In an interview with USA Today, Kaepernick explained, "I've had a lot of questions surrounding what got me to the point of protesting. Why did I do it? Why did I do it at that moment? Why wasn't it earlier in my career? A lot of questions surrounding what led me to that point. Which led me to wanting to share that story and give insight."

Kaepernick, who settled his collusion lawsuit against the NFL last year, also told USA Today, "My desire to play football is still there. ... So I hope I get a call this offseason. I'll be looking forward to it." Brendan Morrow

October 10, 2019

Former National Security Adviser John Bolton looks ready to have his say.

Exactly one month after his exit, Axios reported Thursday Bolton is planning to write a book about his time in the Trump administration. He's reportedly being represented by Javelin's Matt Latimer and Keith Urbahn, who previously represented former FBI Director James Comey.

President Trump and Bolton parted on bad terms, to say the least, with Trump announcing in September he fired Bolton, only for Bolton to immediately begin texting reporters to say he actually resigned. The two reportedly got into a "bitter argument" right before his ouster about Trump's plan to host the Taliban at Camp David.

Almost immediately after Bolton was gone, Trump began publicly trashing him, telling reporters the day following his exit he "made some very big mistakes" and "got us into Iraq."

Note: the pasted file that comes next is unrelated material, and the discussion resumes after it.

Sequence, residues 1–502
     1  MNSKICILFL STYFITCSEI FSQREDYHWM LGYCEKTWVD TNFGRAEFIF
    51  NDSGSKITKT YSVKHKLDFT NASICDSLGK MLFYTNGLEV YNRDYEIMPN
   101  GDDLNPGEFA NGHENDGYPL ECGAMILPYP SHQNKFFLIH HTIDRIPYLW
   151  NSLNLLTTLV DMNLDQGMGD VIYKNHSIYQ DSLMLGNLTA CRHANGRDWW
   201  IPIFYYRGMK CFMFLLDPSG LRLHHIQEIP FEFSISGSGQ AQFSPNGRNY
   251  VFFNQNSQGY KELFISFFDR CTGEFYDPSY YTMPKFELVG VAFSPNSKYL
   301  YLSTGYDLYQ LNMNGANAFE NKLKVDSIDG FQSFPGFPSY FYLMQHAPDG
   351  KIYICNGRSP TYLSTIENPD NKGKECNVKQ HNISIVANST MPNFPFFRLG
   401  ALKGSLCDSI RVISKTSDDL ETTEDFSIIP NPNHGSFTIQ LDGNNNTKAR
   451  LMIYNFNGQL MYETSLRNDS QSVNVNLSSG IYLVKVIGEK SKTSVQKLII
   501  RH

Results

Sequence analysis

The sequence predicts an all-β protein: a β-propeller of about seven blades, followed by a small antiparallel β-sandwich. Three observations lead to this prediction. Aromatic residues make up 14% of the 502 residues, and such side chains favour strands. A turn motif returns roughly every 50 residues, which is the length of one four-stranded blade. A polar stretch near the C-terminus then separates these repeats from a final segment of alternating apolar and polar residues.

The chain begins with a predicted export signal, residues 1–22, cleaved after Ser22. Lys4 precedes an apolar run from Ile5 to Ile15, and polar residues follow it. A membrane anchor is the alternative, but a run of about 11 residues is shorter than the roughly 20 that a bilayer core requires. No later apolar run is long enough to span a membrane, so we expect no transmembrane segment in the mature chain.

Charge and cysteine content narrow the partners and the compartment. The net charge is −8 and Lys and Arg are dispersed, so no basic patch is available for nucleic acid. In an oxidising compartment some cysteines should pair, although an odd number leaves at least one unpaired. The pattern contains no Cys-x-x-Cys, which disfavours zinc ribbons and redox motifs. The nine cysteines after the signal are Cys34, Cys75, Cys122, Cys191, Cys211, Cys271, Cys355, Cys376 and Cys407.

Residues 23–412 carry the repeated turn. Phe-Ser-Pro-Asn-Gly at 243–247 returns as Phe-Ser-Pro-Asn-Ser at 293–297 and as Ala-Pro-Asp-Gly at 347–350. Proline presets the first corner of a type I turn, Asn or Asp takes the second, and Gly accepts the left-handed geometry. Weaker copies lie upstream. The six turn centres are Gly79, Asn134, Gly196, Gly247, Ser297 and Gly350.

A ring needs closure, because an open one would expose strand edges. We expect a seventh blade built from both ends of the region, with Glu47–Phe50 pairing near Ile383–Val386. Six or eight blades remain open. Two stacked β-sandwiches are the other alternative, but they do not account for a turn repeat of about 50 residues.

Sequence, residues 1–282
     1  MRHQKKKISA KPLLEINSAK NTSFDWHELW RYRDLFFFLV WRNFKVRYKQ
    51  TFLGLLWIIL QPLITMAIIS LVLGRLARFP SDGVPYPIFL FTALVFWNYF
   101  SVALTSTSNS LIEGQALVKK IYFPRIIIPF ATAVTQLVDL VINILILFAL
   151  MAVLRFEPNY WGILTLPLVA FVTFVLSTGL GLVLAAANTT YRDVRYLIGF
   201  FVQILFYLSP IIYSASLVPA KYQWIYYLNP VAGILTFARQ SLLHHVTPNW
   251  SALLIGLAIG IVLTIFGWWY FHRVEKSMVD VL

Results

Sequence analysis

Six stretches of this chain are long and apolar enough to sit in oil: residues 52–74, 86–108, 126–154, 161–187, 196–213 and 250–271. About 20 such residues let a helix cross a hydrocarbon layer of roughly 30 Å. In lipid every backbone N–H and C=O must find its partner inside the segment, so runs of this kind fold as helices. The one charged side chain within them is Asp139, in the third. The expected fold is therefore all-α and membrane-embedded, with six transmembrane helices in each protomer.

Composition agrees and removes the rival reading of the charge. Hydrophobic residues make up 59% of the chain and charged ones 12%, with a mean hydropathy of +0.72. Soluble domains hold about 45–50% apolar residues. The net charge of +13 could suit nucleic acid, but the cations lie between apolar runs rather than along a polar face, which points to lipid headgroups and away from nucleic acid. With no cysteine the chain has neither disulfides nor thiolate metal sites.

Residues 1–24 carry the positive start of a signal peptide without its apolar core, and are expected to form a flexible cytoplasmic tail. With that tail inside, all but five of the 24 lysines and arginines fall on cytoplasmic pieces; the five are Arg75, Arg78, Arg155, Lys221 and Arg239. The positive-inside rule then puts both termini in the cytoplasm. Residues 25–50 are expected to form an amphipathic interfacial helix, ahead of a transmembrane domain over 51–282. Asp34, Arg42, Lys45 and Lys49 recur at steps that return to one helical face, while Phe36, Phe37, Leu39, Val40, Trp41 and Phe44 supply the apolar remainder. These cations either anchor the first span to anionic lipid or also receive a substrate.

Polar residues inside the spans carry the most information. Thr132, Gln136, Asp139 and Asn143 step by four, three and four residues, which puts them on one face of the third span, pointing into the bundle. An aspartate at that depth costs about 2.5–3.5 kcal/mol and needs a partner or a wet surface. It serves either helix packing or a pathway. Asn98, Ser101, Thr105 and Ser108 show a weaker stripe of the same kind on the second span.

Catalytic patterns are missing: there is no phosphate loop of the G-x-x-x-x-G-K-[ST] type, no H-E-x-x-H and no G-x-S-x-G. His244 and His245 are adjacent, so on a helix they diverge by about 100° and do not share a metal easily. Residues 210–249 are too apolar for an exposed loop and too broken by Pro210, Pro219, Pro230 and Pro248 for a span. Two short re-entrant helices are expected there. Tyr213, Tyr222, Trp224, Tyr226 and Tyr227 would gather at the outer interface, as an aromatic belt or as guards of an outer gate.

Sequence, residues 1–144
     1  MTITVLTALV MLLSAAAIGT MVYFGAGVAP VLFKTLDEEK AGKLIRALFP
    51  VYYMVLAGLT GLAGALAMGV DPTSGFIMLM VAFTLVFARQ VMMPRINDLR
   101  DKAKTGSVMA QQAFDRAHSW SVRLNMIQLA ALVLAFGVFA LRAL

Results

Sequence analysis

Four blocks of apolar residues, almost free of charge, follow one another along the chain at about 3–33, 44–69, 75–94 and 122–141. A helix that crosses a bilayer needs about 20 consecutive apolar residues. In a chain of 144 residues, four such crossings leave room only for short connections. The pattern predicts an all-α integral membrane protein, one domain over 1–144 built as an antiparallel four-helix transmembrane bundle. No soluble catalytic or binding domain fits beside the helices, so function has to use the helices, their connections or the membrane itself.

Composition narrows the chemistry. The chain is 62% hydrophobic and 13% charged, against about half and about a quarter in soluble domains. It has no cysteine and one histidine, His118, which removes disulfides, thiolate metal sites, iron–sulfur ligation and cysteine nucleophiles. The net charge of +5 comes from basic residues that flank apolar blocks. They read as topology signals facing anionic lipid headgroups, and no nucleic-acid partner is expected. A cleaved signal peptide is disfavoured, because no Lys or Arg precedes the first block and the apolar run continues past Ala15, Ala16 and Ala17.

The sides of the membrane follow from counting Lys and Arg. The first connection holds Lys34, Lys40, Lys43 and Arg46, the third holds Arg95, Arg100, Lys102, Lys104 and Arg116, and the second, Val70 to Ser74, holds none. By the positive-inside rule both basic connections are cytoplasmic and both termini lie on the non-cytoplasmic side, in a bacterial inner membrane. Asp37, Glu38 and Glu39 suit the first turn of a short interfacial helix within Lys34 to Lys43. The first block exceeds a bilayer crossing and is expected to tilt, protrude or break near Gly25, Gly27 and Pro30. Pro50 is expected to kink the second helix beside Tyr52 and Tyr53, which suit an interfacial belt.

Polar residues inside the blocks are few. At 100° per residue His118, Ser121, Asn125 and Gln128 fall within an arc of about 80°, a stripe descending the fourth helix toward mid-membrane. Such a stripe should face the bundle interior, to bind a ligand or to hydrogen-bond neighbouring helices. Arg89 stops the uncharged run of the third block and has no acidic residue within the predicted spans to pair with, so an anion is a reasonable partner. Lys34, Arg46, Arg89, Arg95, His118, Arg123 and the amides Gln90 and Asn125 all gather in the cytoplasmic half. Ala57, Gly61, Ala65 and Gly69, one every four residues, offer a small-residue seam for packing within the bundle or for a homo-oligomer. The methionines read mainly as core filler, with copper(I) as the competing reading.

"I hope we've left in good stead, but maybe we haven't," Trump added.

It seems safe to say they haven't, especially since Bolton reportedly "ripped" Trump at a private event in September. Now, Axios reports senior White House officials have "privately expressed concerns about what Bolton might say and reveal about his time serving Trump." Trump himself, clearly, won't be happy with Bolton's plans. The Washington Post's Josh Dawsey reports that when former White House Chief of Staff John Kelly left the administration, Trump specifically asked him not to write a book; he has reportedly told aides, "I hate these books."

Although Bolton said last month he has a "self-imposed restriction" about going into details about his White House tenure, he vowed after his ouster that he'd "have my say in due course." This book will give him a platform to do just that, and The Daily Beast reported last month Bolton was already speaking with literary agents about writing it, with one source saying, "He has a lot to dish." Brendan Morrow